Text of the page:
Retail Buyers Guide: Snowboards FW19/20
Interviewee: Rich Ewbank / Marketing
KEY PRODUCT FOCUS: Please pick the three most exciting boards from your new FW1920 line and tell us about them.
Paradigma – 15 years in Amplid’s collection, the Paradigma deserves “legend” status. This year we added some of our home-cooked Viscodamp special sauce for an even smoother ride.
Snommelier – A futuristic interpretation of the classic French swallow for the sophisticated powder connoisseur.
Tour Operator – A bombproof, no-nonsense splitboard made so tough it will survive Armageddon or 200+ days in the skin track, depending on what comes first.
Construction. This is the place where you can talk to us about the new ingredients in your boards, and how you are building differently. We’re interested in anything new in inserts / edges / cores / sidewalls / glue / resin/ wood types / base material etc here.
Viscodamp is Amplid’s new middle price-range damping technology. Channels are strategically CNC-ed into the core of the board and filled with a low shore hardness Thermoplastic Polyurethane (TPU for short). The TPU material has a viscoelastic behaviour, meaning it deforms when force is applied and returns to its original shape, but absorbs energy in the process.
The snow surface beneath causes a board to flex/bend creating shear forces in the core. Viscodamp’s TPU inserts, which are bonded to the top and bottom laminates, absorb energy during initial shear deformation AND during the elastic return to their original shape, sucking-up vibrational energy and delaying successive vibration oscillations. The damping effect is clear.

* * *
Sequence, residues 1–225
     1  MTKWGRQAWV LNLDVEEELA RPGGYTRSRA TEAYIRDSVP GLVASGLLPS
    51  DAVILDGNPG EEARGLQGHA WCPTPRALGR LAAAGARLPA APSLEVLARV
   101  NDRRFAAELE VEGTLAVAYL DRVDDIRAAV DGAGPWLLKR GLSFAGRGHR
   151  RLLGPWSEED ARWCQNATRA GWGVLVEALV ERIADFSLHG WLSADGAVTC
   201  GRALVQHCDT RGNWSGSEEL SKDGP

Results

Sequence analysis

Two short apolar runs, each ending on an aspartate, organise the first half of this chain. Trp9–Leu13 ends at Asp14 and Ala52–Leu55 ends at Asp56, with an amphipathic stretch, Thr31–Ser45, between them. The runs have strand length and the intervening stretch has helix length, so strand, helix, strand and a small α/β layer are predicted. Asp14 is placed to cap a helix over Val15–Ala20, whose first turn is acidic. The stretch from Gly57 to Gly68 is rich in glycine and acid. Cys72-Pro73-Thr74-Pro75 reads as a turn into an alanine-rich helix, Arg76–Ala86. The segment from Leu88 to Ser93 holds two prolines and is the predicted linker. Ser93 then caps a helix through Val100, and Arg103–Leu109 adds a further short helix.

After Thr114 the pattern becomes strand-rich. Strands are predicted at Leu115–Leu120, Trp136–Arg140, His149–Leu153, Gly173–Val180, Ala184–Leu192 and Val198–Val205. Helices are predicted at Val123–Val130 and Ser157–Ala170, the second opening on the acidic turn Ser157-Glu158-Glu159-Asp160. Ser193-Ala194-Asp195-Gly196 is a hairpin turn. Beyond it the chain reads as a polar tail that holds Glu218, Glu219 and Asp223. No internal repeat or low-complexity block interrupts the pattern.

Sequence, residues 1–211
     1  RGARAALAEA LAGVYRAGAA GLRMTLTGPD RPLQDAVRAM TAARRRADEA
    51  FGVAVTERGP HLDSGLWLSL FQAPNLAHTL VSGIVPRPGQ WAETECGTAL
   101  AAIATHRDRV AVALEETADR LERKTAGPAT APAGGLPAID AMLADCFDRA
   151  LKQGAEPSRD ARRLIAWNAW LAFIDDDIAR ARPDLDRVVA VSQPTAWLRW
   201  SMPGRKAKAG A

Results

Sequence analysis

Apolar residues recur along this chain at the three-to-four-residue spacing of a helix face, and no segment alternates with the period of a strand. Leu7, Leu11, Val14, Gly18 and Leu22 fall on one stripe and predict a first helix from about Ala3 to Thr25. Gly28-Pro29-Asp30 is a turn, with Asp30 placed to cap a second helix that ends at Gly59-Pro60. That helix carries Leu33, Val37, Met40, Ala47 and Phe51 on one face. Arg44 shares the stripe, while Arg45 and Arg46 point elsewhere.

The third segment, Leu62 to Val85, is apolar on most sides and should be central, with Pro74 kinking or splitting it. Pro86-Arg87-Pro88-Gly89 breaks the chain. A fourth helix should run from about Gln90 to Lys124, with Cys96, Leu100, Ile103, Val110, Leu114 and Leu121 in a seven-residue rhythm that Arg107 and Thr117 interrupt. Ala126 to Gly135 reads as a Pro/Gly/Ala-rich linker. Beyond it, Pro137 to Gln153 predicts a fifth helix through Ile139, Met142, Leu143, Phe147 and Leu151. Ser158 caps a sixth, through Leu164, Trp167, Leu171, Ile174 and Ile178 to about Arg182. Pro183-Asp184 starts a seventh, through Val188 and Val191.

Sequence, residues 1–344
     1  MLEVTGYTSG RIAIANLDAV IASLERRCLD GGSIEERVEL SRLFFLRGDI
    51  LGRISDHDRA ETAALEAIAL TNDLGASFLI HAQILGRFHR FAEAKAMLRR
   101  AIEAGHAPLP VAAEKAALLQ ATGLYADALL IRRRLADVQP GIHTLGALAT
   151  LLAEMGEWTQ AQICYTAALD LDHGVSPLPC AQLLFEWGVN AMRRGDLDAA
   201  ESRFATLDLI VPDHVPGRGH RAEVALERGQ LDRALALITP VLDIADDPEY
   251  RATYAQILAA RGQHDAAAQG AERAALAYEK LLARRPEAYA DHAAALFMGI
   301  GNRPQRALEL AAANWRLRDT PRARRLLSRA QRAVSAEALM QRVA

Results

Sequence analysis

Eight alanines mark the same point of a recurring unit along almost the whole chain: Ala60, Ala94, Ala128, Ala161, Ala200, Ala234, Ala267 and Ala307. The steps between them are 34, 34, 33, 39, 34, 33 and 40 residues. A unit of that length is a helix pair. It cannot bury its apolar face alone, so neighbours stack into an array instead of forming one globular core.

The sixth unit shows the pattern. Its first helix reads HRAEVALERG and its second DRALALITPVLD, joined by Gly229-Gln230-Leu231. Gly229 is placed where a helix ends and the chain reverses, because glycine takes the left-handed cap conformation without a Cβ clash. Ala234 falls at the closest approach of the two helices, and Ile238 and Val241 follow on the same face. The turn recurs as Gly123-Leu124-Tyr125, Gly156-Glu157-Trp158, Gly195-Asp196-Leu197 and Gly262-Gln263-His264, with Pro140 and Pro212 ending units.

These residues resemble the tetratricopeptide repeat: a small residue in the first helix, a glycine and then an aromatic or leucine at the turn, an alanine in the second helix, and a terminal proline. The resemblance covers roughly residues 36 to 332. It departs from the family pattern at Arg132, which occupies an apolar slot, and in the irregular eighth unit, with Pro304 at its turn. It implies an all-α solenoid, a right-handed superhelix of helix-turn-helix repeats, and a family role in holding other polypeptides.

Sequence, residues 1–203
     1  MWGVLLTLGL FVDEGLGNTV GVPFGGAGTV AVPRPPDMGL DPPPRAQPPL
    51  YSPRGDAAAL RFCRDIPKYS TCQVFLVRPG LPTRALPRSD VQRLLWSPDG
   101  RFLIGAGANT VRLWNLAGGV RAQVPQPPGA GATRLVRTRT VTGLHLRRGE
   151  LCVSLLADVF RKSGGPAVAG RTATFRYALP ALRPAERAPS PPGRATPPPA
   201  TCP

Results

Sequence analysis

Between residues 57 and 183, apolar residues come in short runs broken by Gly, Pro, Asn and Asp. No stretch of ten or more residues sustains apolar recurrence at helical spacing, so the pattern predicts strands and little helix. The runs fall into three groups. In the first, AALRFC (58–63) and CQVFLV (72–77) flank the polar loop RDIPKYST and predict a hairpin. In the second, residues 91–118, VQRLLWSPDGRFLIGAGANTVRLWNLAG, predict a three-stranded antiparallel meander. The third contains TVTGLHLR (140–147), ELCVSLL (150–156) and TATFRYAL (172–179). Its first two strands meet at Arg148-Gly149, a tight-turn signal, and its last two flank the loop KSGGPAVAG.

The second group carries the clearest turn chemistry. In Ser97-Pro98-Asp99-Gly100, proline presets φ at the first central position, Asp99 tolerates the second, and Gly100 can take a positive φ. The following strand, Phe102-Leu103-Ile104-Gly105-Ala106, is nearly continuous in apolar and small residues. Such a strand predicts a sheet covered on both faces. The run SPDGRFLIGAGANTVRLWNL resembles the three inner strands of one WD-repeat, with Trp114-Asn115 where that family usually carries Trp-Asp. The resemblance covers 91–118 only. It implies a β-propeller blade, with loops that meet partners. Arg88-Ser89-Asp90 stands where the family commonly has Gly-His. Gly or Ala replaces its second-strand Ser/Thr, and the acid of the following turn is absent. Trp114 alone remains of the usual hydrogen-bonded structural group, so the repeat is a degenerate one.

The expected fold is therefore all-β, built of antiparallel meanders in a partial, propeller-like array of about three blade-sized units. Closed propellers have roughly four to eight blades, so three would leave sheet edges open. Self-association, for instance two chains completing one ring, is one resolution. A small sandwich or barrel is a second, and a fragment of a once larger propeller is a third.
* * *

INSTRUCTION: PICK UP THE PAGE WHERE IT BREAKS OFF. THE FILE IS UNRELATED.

Viscodamp defers a smooth and stable nature to snowboards.
Where are you building, what factory in what country? No wrong answer. What makes this production facility the best solution for you?
Amplid moved its snowboard production to Playmaker, Taiwan, last summer. We’re very impressed by our new partners and very grateful for the gargantuan effort the team at Playmaker made in order to produce for Amplid. The build quality and finish are top notch, and most importantly the way the boards’ ride meets Peter’s very particular demands. Looking into the future, we’re excited to have the capability to deliver a world-class product to our customers on time.
Which pricepoint is seeing the most action at retail? Premium, bottom or in the middle? What do the people want?
Playing in the higher price arena allows Peter to be more adventurous with materials and geometries. Giving the MasterChef the breathing-space he needs to be creative is essential to Amplid’s special recipes. With higher prices we’re also able to target the real board nerds and tech geeks, the customers that understand Amplid and appreciate the innovate snowboards we produce.
Consumers are more open than ever to unusual shapes. Got any super mad shapes next year? How long will this new shape direction last… is it a good thing for snowboarding?